Safe Peer-to-Peer Sharing

Whether it is Gnutella or BitTorrent, peer-to-peer (P2P) networks are a popular way of sharing files among users. Music, videos, movies…people pick them all from P2P networks.

Many offices also use P2P networking to connect users’ PCs with each other and with common office resources such as the printer or scanner. But P2P networking has some inherent security threats, which you need to beware of, whether you’re a user of a P2P application or a workplace user.

Connecting PCs to each other

In P2P networking, PCs are connected to each other and each user sets permissions on what content on the PC should be shared with other users on the network. This is different from a client-server architecture, where all PCs (called clients) are connected to a central server ¬– the server hosts all the applications that the users on the network need, such as mail, printing, and file-sharing applications. In a P2P network, on the other hand, each PC acts as both client and server.

The advantage of a P2P network is that the computing resources, hard drives, and bandwidth of computers on the network are used by all the users. There is no need to install, configure, and manage an expensive server for this task. P2P networks also make it easier and more convenient for you to collaborate and share information. Some companies use P2P networks to share assets and information among users in separate locations. Workgroup collaboration using instant messaging and other collaboration software is one of the most popular uses of P2P networks.

Many P2P networks use the Internet for file sharing; users on these networks are in different regions of the world. If you want to become part of such a network, such as Kazaa or Gnutella, you would need to run an application every time you want to connect to the network.

Where security issues arise

The architecture of a P2P network holds some security threats.

Improper authentication: A client-server network has fairly strong authentication procedures, which are not there in P2P networks. Especially in the case of corporate P2P networks, if users share their passwords with people who are not part of the corporate setup, it could lead to loss of intellectual property and confidential data.

Bypassing firewalls: To enable file-sharing on some P2P networks, you have to bypass any firewall that you may have installed on your PC or corporate network. Once this happens, you are open to the dangers of downloading malicious code unknowingly.

Unsafe downloads: When you download any file or utility from a P2P network, you effectively accept it from someone who’s a stranger to you. In fact, the user who has shared the file with you may not even be who he/she purports to be. Therefore, such downloaded files could potentially contain spyware, adware, viruses, Trojans and other such malicious software.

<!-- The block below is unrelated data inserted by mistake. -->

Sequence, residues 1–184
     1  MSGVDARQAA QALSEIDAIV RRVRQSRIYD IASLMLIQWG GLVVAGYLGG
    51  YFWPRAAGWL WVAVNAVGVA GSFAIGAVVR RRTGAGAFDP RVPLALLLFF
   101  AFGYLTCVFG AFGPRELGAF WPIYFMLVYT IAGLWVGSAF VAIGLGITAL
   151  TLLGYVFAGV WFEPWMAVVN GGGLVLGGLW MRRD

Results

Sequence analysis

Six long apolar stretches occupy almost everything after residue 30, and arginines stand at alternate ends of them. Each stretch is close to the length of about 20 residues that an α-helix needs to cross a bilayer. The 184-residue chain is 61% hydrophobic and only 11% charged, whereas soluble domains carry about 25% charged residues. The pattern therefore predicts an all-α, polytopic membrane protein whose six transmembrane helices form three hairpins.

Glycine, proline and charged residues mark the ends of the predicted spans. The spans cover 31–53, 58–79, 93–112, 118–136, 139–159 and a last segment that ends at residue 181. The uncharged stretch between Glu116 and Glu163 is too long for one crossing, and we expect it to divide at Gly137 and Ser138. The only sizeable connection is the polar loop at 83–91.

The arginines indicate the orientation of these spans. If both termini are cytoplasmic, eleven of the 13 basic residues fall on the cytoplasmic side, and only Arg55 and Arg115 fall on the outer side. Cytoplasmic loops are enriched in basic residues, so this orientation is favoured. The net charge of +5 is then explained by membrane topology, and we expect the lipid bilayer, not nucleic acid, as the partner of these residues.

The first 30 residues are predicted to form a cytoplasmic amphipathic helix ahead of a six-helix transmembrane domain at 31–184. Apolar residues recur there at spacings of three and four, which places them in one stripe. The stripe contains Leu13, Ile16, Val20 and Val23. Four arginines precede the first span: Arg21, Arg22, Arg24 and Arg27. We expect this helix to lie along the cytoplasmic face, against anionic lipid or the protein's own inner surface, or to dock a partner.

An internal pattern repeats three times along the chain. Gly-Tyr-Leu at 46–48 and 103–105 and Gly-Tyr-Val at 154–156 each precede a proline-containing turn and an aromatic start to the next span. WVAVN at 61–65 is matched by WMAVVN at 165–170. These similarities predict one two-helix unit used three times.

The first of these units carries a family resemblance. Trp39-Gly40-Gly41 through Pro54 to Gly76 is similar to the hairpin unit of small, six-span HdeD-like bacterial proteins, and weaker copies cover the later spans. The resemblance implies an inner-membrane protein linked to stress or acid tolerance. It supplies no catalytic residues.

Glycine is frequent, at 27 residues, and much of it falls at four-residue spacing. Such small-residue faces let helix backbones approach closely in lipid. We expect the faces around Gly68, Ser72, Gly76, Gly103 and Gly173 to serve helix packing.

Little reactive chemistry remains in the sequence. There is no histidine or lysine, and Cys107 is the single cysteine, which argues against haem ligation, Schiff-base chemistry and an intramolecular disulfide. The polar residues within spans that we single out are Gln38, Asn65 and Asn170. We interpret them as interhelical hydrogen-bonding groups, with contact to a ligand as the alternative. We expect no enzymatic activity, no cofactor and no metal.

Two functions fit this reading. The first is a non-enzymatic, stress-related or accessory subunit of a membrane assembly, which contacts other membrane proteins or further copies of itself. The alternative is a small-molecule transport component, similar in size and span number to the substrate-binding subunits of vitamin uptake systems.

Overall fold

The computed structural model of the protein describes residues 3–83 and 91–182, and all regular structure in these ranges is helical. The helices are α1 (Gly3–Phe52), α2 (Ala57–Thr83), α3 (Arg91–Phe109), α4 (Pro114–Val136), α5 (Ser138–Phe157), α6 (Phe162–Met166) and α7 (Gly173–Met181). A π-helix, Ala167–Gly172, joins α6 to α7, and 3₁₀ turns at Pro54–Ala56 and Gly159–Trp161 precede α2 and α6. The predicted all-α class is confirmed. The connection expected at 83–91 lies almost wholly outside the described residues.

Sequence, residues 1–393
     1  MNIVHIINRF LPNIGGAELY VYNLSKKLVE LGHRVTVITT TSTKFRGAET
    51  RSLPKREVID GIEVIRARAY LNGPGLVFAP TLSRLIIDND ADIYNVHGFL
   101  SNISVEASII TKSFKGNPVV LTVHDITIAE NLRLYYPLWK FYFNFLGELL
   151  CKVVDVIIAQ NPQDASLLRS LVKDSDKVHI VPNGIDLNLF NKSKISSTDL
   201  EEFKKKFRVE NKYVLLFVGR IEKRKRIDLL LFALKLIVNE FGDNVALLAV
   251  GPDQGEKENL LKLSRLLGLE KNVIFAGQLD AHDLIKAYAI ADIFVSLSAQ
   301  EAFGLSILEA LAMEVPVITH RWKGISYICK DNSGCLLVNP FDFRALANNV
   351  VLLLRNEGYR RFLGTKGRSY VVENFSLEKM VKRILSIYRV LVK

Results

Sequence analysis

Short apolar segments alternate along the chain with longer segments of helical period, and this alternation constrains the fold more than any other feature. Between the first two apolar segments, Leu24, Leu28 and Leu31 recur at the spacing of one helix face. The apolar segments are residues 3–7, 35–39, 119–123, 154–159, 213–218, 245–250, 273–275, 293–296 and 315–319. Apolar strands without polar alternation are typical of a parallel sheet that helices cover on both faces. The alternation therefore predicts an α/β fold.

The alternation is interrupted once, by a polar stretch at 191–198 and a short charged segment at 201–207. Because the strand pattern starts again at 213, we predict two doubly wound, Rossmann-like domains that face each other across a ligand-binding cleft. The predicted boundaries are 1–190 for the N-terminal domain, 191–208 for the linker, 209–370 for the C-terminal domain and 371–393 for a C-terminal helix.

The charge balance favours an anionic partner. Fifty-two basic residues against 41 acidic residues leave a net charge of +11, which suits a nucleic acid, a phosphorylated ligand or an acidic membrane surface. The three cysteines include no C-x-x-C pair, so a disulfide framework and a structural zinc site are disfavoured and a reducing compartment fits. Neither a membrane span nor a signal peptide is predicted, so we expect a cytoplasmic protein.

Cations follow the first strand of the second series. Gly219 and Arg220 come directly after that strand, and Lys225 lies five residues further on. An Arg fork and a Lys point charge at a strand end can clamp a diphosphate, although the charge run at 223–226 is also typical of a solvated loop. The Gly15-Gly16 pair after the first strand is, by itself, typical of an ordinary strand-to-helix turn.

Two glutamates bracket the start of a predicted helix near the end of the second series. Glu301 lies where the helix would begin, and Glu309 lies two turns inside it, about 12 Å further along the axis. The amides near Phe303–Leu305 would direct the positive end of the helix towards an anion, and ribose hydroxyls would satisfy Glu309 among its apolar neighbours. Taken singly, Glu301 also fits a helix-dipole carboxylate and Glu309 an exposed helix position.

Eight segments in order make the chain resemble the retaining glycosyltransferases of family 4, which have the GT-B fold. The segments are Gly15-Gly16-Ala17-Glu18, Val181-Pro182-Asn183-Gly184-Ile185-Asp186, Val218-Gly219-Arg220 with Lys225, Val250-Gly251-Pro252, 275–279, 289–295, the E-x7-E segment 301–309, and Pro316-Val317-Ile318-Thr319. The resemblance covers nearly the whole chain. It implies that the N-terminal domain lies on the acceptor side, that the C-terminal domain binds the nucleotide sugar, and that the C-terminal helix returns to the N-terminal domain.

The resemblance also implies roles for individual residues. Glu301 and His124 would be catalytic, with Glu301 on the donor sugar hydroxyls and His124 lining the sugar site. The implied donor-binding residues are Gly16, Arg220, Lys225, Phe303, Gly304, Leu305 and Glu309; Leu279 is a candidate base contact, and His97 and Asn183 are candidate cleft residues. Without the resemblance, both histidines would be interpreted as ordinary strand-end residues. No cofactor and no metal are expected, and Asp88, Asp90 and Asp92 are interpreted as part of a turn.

P2P application threat: In some public P2P networks, the application you use to connect to the network could lead to security issues. The application itself could be improperly written or buggy, which could harm your PC’s performance. Secondly, since the application is hosted on other users’ machines, there is no way of knowing whether the genuine application has been substituted with a malicious file, such as a Trojan, which could lead to more serious security issues for your system and the confidential information in it. This, however, is usually difficult to do.

Playing safe on P2P networks

There are several steps you can take to ensure that you use P2P networks safely.

Use good P2P products: If you are setting up a corporate P2P network, use products that have integrated security features. There are several products from different vendors available for this. One of these is Microsoft Groove.

Scan each download: If you use Internet file-sharing on a P2P network, scan everything you download using anti-virus software, before you install and use it. This will ensure that you don’t install any malicious software on your PC.

Scan your PC: Use software such as Ad-Aware and other anti-virus software to scan your PC periodically, to ensure that you haven’t unwittingly installed any adware or malicious software.

Be careful of what you share: When you use a P2P network, a default folder is usually created, where you can store files that you want to share with other users. Ensure that you have shared only that folder with other users, and not the entire hard drive or other confidential folders.

Have a security policy: P2P networks need you to create a separate security policy and train everyone to use it.

Make users aware of the risks: On a corporate P2P network, all users should be made aware of the risks of sharing their passwords and other security risks of sharing information over P2P networks.

Avoid Internet P2P file-sharing on corporate networks: Internet P2P file-sharing should be avoided on office networks. It clogs bandwidth and puts the security of all the network users at risk. The implications of some malicious software getting installed on the network would be very dangerous and far-reaching for the company.

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